On March 10, 2014, the Securities and Exchange Commission (“SEC”) announced that issuers and underwriters of municipal securities may voluntarily report materially inaccurate statements made in offering documents regarding prior continuing disclosure compliance through a program called the Municipalities Continuing Disclosure Cooperation Initiative (the “MCDC Initiative”).
On March 31, 2014, the Securities and Exchange Commission brought insider trading charges against Ching Hwa Chen, the husband of a corporate insider, alleging that he misappropriated financial information from his wife and then shorted her employer’s stock, netting $138,000 in ill gotten gains. SEC v. Chen, No. 5:14-cv-01467 (N.D. Cal). The SEC’s allegations (taken from its complaint) are as follows: Chen’s wife was the Senior Tax Director of Informatica, a data integration company. In late June 2012, Informatica learned it would miss its revenue guidance for the first time in 31 consecutive quarters. That miss caused the defendant’s wife to work more than usual as the company scrambled to close its books and prepare for a potential pre-release of its quarterly revenues. Over the next several days, the defendant overheard his wife’s phone calls addressing the revenue miss, including on a four-hour drive to Reno, Nevada where his wife fielded calls from the passenger seat as he drove. Early the next week, convinced that Informatica’s stock would lose value, Chen bet heavily against the company, shorting its stock, buying put options, and selling call options. In early July, after announcing the miss, Informatica’s stock price fell 27% from $43 to $31. Chen closed out all of his positions that same day. Read More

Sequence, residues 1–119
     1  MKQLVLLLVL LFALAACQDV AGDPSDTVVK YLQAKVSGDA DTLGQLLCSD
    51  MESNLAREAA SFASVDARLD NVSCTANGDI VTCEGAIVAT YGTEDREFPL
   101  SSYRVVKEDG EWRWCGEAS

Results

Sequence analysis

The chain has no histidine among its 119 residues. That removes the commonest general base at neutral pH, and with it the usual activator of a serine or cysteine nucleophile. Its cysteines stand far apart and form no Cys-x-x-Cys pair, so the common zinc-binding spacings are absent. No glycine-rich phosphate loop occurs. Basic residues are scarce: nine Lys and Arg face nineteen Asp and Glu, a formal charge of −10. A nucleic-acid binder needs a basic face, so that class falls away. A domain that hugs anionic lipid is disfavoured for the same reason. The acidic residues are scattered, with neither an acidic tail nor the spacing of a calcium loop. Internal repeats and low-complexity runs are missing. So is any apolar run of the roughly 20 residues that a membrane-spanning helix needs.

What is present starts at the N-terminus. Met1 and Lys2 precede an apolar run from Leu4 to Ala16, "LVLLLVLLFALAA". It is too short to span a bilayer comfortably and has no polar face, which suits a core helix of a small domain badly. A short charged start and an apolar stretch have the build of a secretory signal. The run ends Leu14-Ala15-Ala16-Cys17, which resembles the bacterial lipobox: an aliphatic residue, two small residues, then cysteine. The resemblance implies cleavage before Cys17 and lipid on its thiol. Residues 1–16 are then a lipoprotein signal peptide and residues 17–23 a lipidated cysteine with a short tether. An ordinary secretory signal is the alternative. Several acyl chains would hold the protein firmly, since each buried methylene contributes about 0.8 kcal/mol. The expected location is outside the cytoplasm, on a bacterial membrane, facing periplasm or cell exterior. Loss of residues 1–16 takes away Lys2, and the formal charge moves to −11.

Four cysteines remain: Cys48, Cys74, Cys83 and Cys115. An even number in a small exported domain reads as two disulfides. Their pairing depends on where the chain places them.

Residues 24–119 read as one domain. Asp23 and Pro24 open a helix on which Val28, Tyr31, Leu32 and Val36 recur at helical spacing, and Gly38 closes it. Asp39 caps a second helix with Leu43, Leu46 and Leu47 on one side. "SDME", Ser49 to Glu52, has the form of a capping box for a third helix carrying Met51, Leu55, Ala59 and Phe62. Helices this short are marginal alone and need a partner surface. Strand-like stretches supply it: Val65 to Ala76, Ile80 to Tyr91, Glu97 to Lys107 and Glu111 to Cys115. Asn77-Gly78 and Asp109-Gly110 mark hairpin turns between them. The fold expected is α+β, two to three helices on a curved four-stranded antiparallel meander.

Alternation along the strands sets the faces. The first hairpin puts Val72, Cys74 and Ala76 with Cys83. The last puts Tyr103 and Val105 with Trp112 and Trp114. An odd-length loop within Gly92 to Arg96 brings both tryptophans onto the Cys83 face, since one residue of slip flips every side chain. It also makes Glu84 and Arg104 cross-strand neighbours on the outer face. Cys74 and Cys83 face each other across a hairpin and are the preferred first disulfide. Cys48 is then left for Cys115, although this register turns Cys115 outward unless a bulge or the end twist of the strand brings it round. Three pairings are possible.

On March 14, 2014, the Delaware Supreme Court unanimously affirmed an important Delaware Court of Chancery decision issued in 2013 that offered a roadmap to companies and their directors on how to obtain the protections of the deferential business judgment rule when entering into a change-in-control transaction with a controlling stockholder. As we discussed previously, in In re MFW Shareholders Litigation, then-Chancellor (now Chief Justice) Strine held as a matter of first impression that the deferential business judgment rule – as opposed to the more onerous “entire fairness” – standard of review should apply to a merger with a controlling stockholder where (i) the controller conditions the transaction on the approval of both a Special Committee and a majority of the minority stockholders; (ii) the Special Committee is independent; (iii) the Special Committee is empowered to freely select its own advisors and to say no definitively; (iv) the Special Committee acts with care; (v) the minority vote is informed; and (vi) there is no coercion of the minority. Read More
In a story right out of the movies, complete with “poison pills” and “white squires,” the SEC announced on March 13, 2014 that motion picture company Lions Gate Entertainment Corporation settled charges that it failed to disclose to investors a set of “extraordinary” corporate transactions designed to thwart takeover efforts by investor Carl Icahn.